Many factors are causing this phenomenon, including old batteries, internal impairment, and prolonged phases of inactivity. When out on the road, jumpstarting your motorcycle can provide a quick fix, but it is advisable that you immediately get your battery inspected by a certified technician and get it replaced to address the issue from its root cause. Ignoring repeat episodes of jumpstart can cause you unnecessary stress and inconvenience.

2.6 Electrical Issues

A compromised battery on a motorcycle can damage the entire electrical system by failing to meet its energy needs and causing unnecessary strain on it. Common electrical issues on a motorcycle include an inoperative horn, flickering and fading lights, difficult engine starts, and non-functional electrical components.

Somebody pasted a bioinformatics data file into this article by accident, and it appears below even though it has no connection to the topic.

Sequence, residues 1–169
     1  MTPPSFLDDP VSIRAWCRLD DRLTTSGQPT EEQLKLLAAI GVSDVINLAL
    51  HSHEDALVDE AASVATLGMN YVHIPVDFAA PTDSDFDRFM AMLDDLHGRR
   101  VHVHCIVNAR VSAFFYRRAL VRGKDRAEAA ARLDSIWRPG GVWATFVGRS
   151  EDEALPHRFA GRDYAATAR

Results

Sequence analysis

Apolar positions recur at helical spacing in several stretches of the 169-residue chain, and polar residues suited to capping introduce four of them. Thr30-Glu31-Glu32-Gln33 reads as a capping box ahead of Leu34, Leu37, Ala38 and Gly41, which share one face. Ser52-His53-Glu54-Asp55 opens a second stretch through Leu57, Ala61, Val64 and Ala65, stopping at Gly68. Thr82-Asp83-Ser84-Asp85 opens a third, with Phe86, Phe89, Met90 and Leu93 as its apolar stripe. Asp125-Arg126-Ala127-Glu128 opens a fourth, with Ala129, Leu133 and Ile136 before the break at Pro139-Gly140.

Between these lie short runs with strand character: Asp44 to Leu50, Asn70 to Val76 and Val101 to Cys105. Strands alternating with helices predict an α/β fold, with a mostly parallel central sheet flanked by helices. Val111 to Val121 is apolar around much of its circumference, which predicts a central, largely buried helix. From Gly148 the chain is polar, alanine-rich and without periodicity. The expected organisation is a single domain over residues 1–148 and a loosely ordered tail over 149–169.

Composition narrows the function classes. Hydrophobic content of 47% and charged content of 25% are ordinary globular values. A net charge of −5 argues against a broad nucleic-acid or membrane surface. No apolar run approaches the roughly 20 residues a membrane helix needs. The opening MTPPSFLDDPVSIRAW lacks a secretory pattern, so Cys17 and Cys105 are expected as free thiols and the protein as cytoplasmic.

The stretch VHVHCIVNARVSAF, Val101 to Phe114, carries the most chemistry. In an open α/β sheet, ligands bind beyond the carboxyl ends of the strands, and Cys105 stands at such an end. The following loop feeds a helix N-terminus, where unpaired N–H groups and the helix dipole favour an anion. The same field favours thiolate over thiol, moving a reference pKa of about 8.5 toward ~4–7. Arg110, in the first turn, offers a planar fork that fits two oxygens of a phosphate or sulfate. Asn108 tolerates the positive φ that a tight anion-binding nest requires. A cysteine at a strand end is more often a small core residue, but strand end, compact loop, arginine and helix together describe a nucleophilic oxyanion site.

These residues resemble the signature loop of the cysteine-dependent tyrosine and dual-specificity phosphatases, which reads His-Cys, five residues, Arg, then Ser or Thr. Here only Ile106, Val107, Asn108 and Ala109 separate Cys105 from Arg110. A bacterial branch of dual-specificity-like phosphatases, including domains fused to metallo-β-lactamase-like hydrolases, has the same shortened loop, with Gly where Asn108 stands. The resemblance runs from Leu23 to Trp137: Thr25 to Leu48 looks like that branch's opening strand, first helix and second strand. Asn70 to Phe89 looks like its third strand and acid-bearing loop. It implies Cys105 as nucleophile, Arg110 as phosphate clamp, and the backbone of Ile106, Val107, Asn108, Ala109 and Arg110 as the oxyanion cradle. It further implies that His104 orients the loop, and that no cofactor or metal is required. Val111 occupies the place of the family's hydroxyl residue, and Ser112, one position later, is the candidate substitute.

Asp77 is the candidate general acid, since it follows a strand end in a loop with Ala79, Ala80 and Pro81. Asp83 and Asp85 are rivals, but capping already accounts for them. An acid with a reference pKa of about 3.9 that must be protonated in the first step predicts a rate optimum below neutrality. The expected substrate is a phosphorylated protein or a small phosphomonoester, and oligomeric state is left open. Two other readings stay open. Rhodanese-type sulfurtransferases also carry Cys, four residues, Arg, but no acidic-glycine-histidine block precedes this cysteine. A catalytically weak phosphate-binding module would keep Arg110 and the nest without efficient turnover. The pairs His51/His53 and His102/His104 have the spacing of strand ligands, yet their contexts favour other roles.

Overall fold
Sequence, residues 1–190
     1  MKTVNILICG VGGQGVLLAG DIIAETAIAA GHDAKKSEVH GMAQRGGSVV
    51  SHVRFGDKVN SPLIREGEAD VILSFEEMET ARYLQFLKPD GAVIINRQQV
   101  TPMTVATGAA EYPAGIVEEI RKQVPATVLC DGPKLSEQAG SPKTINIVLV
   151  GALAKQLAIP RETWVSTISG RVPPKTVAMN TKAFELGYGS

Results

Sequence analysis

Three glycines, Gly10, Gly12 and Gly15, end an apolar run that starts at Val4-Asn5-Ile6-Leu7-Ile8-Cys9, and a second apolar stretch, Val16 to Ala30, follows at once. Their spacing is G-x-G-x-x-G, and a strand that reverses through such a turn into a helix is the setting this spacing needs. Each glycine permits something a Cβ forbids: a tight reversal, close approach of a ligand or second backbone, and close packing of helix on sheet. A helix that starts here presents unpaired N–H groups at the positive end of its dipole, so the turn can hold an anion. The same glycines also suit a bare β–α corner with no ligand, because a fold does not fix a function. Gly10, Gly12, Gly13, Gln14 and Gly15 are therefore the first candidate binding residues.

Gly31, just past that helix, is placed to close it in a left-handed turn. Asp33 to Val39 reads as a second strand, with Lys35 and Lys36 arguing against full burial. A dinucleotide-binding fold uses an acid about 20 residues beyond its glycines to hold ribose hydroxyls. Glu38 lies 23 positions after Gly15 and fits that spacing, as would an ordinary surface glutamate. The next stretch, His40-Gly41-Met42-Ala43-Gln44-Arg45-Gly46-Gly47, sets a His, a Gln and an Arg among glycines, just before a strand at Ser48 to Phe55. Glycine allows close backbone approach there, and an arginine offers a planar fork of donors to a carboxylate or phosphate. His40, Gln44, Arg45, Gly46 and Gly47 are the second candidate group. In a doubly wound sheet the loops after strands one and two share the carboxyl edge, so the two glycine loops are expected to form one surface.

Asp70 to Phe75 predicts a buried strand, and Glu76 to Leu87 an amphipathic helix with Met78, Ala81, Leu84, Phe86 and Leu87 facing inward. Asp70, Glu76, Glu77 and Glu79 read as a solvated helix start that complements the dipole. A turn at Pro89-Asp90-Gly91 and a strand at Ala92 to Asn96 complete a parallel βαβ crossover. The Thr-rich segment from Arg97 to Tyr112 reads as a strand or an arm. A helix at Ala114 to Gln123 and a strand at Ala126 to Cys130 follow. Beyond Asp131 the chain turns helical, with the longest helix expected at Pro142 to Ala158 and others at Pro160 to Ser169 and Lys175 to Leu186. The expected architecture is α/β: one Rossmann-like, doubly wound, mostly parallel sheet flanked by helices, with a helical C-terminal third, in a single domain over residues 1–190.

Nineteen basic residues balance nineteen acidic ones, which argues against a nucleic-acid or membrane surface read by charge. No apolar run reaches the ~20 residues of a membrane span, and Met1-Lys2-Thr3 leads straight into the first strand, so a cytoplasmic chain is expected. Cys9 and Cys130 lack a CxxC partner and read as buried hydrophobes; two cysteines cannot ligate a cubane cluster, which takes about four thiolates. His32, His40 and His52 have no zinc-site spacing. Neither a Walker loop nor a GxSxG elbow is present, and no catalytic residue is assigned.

In addition to these, the bike’s charging system also gets unnecessarily strained as it strives hard to keep the charge from draining, eventually failing, and further exacerbating the deterioration of the bike’s electrical system. The signs of compromised electrical systems of a two-wheeler are quite similar to those of other automobiles and can surface as ignition issues, lack of power supply to electrically-powered parts, engine stalling, etc.

2.7 Corroded Battery Terminals

The motorcycle battery’s terminals are susceptible to corrosion and once it develops, it prevents your battery from functioning properly, causing quick charge drain for unexplained reasons. Initially, simply cleaning the corroded battery terminals can help curb the situation to some extent. However, if the corroded terminals are also broken, you cannot avoid getting a battery replacement.

To prevent this situation from substantiating in the first place, you must halt the development of corrosion and prevent the accumulation of rust through regular maintenance and thorough cleaning regimes, as clean terminals are at less risk of sulfation and damage.

2.8 Cracks, Bulges, and Deformation